6. It affords better time management for sermon preparation.
Let’s be honest, pastors and preachers are busy people. From week to week, I did not have to wrestle or struggle with where I was going to be in the Bible. There were a few Wednesdays when the Lord redirected our path to other portions of Scripture; but by and large, we stayed on course through Ephesians. This was a great benefit because my heart was already there before Wednesday rolled around!
7. It can be used as a means for outreach.
We used the series to reach people beyond the walls of our congregation. We promoted the expositional study online and through social media. Throughout the year we had many guests who just came on Wednesday because they “wanted a better understanding of Ephesians.” I think we would be surprised at the number of people who really want to know what the Word of God says. Preaching an expositional series helps secure that reality.
8. It gives people the opportunity to ask questions, especially regarding more difficult passages.
When you exegete, expound, and explain a passage for weeks at a time, this opens the door to a plethora of questions. Questions, contrary to what many people say, are good. They are indicators that people are listening. Ephesians 1:4-14 brings about many profound questions concerning the sovereignty of God. Ephesians 2:11-22 breeds questions concerning the unification of Jew and Gentile in the Body of Christ. Ephesians 3:1-13 ushers in questions regarding the deep mysteries of Christ. When you process these passages over a period of time, certain questions must be asked and certain questions must be answered. Such is the result of expositional preaching.
9. It allows the Holy Spirit to saturate our hearts with an abundance of truth.
One thing I found in my own heart was week after week, verse after verse, passage after passage, the Holy Spirit would flood my soul with truth. Many times I felt as though I was drowning. I felt overwhelmed with joy and elation at the “spiritual blessings” I had discovered. Then there were times I was prompted to pray, even as Paul prayed for his brethren. Other times I felt humbled that, like Paul, I was “made a minister.” Could it be that we hurriedly work through a book without giving the Spirit adequate time to do a work in our heart?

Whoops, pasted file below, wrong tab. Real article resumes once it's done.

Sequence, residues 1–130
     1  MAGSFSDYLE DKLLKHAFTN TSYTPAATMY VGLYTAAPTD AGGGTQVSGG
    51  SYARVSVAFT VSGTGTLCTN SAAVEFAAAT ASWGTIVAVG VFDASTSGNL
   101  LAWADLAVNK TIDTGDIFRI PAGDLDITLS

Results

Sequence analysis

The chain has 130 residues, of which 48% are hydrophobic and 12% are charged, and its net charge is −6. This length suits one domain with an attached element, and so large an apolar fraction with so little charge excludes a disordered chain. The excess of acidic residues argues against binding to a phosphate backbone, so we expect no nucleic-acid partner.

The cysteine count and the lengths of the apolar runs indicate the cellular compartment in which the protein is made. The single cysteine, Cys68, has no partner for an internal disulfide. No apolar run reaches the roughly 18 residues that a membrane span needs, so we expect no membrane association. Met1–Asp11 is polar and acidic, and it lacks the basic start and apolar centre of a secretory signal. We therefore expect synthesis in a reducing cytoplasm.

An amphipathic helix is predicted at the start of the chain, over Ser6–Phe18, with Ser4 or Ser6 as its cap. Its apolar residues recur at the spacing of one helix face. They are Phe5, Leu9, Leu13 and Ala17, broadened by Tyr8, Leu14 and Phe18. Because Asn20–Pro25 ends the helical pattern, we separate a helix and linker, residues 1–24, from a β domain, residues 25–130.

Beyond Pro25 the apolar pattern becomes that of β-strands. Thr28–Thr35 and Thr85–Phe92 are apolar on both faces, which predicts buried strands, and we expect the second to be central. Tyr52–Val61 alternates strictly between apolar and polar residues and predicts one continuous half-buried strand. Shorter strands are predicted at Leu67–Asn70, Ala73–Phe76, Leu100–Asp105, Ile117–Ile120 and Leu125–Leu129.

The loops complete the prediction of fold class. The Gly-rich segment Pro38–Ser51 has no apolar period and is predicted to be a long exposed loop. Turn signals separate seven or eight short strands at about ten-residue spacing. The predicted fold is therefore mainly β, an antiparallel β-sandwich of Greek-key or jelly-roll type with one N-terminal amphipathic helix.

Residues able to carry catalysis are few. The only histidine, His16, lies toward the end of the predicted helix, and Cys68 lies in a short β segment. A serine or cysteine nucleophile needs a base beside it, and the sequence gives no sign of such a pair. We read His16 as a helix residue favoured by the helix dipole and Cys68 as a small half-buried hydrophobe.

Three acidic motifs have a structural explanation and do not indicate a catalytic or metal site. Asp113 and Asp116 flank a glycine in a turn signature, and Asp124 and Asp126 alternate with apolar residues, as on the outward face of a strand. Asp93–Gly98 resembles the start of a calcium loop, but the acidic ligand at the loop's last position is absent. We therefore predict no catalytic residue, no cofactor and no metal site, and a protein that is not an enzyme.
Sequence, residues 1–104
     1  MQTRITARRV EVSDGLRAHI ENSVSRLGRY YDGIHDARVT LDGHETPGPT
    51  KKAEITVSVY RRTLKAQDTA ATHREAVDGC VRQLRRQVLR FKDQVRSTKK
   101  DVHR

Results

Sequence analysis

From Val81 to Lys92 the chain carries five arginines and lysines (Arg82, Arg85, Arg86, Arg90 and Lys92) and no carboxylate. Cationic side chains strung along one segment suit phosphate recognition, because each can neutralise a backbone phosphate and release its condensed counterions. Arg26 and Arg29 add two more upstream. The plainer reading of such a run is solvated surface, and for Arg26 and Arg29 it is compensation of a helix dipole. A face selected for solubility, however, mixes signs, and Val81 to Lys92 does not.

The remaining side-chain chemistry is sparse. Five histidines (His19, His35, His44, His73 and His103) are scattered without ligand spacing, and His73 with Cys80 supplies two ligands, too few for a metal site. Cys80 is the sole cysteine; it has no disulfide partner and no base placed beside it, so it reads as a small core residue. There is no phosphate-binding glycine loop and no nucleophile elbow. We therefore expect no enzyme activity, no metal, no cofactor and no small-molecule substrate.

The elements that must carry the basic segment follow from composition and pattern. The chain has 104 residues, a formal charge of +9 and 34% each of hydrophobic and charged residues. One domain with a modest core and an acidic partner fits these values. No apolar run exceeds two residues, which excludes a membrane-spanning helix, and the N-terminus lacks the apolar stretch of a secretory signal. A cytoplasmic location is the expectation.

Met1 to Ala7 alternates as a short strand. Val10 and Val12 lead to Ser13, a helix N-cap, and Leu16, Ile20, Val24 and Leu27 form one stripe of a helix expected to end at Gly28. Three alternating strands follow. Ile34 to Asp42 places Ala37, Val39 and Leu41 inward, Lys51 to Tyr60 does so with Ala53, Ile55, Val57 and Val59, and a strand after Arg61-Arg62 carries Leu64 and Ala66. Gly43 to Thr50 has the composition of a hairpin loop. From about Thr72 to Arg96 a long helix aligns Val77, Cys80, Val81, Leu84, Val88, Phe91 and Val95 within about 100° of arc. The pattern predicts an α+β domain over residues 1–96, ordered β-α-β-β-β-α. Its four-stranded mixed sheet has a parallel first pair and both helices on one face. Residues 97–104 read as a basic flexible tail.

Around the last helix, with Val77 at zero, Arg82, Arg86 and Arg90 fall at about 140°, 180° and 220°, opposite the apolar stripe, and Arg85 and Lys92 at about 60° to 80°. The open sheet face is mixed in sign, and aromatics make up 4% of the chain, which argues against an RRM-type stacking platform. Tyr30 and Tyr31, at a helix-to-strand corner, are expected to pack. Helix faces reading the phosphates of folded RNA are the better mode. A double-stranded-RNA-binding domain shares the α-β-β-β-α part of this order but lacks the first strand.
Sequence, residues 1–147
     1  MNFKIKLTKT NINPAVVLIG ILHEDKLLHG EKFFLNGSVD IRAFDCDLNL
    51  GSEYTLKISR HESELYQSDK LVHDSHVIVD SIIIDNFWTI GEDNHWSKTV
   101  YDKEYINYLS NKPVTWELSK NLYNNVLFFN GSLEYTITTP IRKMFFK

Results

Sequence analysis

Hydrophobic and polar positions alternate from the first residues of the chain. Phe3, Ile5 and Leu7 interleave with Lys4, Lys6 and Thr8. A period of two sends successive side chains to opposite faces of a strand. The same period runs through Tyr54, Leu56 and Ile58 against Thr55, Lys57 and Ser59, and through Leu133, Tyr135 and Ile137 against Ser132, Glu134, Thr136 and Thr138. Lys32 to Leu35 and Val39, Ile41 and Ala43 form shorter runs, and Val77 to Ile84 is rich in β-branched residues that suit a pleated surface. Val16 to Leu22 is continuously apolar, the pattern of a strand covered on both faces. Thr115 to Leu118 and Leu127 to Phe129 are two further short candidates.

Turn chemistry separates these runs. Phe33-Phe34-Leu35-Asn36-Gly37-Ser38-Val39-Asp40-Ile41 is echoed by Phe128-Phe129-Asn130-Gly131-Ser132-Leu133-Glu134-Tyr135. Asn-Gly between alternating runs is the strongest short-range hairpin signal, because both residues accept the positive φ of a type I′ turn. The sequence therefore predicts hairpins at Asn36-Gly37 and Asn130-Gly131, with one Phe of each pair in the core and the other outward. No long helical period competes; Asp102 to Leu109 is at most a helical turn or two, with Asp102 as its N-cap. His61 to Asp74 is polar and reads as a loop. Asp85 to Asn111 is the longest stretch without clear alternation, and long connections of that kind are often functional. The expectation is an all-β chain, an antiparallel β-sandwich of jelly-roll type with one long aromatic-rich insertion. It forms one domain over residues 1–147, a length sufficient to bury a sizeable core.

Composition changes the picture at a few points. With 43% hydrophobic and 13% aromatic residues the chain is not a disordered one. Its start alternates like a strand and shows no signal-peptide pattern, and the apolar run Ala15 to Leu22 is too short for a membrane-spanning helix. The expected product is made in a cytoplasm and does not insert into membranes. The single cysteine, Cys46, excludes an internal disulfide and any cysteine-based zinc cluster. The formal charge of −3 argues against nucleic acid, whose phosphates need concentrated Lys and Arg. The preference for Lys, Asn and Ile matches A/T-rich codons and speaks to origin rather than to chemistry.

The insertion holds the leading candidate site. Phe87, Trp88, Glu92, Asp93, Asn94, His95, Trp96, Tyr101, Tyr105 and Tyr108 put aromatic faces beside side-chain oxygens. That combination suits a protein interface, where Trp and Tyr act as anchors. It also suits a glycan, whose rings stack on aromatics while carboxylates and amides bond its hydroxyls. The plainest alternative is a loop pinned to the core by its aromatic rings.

1o. It reveals the glory of Christ in a rich and deep way.
There is not enough time or space to address this truth; but needless to say, the more you spend in the Word of God the closer you embrace the person of Christ. Throughout Ephesians, I was reminded of the work of Christ in atonement. His glory in the church. His marvelous saving grace. His Body unified. His passion revealed. I was challenged to “walk in love” walk in light” “walk in wisdom.” I longed to be filled with “the fullness of God.” I wanted, and still want, to be “able to comprehend with all saints what is the breadth, and length, and depth, and height; And to know the love Christ, which passeth knowledge..”
I encourage and exhort every pastor to preach the Word systematically, sequentially, spiritually, and with steadfastness. The labor will be long, tedious, and at time difficult, but the fruit will never taste better!